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              Job stressors, personality and burnout in primary school teachers.

              Teaching is considered a highly stressful occupation. Burnout is a negative affective response occurring as a result of chronic work stress. While the early theories of burnout focused exclusively on work-related stressors, recent research adopts a more integrative approach where both environmental and individual factors are studied. Nevertheless, such studies are scarce with teacher samples. The present cross-sectional study sought to investigate the association between burnout, personality characteristics and job stressors in primary school teachers from Cyprus. The study also investigates the relative contribution of these variables on the three facets of burnout - emotional exhaustion, depersonalization and reduced personal accomplishment. A representative sample of 447 primary school teachers participated in the study. Teachers completed measures of burnout, personality and job stressors along with demographic and professional data. Surveys were delivered by courier to schools, and were distributed at faculty meetings. Results showed that both personality and work-related stressors were associated with burnout dimensions. Neuroticism was a common predictor of all dimensions of burnout although in personal accomplishment had a different direction. Managing student misbehaviour and time constraints were found to systematically predict dimensions of burnout. Teachers' individual characteristics as well as job related stressors should be taken into consideration when studying the burnout phenomenon. The fact that each dimension of the syndrome is predicted by different variables should not remain unnoticed especially when designing and implementing intervention programmes to reduce burnout in teachers.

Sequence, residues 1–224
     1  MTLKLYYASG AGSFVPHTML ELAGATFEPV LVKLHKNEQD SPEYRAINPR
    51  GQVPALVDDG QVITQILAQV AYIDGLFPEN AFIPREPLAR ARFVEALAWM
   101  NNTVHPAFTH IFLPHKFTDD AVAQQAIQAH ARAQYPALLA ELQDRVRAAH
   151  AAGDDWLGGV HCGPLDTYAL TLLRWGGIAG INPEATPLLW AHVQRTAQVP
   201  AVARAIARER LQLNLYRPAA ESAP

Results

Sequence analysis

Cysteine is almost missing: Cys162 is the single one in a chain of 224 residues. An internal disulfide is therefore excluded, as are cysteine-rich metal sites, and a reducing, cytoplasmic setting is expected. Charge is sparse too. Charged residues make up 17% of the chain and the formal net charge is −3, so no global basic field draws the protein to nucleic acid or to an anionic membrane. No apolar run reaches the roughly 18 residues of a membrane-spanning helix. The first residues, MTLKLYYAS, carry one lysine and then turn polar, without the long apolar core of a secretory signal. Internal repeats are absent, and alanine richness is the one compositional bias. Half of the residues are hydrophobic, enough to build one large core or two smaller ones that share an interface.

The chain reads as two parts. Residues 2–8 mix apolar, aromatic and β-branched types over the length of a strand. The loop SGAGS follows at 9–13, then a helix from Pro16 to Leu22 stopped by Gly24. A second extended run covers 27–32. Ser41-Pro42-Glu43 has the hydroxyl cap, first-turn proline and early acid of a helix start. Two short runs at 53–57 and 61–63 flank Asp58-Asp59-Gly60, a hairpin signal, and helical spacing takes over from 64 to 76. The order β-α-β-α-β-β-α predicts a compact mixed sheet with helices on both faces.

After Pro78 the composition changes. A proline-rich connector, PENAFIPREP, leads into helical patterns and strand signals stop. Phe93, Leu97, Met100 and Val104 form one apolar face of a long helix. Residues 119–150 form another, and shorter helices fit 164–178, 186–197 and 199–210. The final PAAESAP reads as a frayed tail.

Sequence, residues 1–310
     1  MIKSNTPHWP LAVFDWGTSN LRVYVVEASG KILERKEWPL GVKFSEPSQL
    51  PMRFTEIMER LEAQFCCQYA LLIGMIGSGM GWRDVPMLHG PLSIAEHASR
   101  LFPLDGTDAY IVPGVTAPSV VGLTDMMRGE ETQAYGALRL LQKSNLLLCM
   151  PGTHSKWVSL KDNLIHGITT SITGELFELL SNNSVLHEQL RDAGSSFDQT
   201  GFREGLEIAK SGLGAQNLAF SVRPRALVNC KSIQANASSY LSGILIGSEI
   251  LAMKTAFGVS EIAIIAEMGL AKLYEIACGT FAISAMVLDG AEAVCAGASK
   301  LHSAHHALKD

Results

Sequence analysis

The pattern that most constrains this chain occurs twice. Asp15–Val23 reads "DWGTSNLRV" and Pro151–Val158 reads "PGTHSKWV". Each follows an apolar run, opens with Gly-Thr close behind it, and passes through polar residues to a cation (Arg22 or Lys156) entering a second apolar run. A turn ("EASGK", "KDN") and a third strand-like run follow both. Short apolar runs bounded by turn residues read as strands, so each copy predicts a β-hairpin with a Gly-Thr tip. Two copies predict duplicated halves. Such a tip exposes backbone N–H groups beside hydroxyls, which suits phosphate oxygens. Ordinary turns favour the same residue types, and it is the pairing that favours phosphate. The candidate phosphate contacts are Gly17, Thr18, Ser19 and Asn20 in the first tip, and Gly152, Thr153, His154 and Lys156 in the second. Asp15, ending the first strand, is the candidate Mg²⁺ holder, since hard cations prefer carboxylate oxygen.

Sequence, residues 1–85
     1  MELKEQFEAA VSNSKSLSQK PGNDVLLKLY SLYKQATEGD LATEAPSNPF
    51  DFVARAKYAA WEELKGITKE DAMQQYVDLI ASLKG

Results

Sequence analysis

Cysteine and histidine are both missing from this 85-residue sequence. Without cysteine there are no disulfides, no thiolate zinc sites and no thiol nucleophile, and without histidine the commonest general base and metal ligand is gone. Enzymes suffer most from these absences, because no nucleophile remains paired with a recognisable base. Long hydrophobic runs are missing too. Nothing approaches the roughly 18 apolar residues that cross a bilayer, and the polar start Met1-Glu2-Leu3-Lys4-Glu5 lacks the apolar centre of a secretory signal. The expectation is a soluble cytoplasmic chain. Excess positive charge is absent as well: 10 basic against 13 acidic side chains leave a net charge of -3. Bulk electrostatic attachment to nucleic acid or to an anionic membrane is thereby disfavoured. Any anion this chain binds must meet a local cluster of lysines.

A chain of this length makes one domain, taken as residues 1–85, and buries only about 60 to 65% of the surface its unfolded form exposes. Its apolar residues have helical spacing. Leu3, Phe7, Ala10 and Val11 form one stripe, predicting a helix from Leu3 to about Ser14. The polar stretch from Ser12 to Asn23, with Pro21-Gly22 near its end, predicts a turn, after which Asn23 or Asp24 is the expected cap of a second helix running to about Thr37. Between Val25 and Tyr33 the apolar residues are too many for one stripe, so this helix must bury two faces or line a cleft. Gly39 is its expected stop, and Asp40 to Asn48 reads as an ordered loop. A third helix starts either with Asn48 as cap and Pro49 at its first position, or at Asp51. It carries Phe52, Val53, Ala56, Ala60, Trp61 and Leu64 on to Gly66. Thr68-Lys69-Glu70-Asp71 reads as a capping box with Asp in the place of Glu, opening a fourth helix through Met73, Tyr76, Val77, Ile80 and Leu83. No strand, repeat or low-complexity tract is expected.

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                Author and article information

                Journal
                Psychol Res Behav Manag
                Psychol Res Behav Manag
                Psychology Research and Behavior Management
                Psychology Research and Behavior Management
                Dove Medical Press
                1179-1578
                2015
                06 March 2015
                : 8
                : 81-88
                Affiliations
                School of Medicine, University of Athens, Athens, Greece
                Author notes
                Correspondence: Ntina Kourmousi, School of Medicine, University of Athens, Soranou Ephessiou Str, 4, GR-115-27, Athens, Greece, Tel/fax +30 210 659 7644, Email stressmasterssubmissions@ 123456yahoo.gr
                Article
                prbm-8-081
                10.2147/PRBM.S74752
                4358647
                25834469
                92ee6e10-0a4d-414c-9713-dfddb2c7f840
                © 2015 Kourmousi et al. This work is published by Dove Medical Press Limited, and licensed under Creative Commons Attribution – Non Commercial (unported, v3.0) License

                The full terms of the License are available at http://creativecommons.org/licenses/by-nc/3.0/. Non-commercial uses of the work are permitted without any further permission from Dove Medical Press Limited, provided the work is properly attributed.

                Categories
                Original Research

                Clinical Psychology & Psychiatry
                tsi,reliability,validity,greek educators,occupational stress,psychosocial factors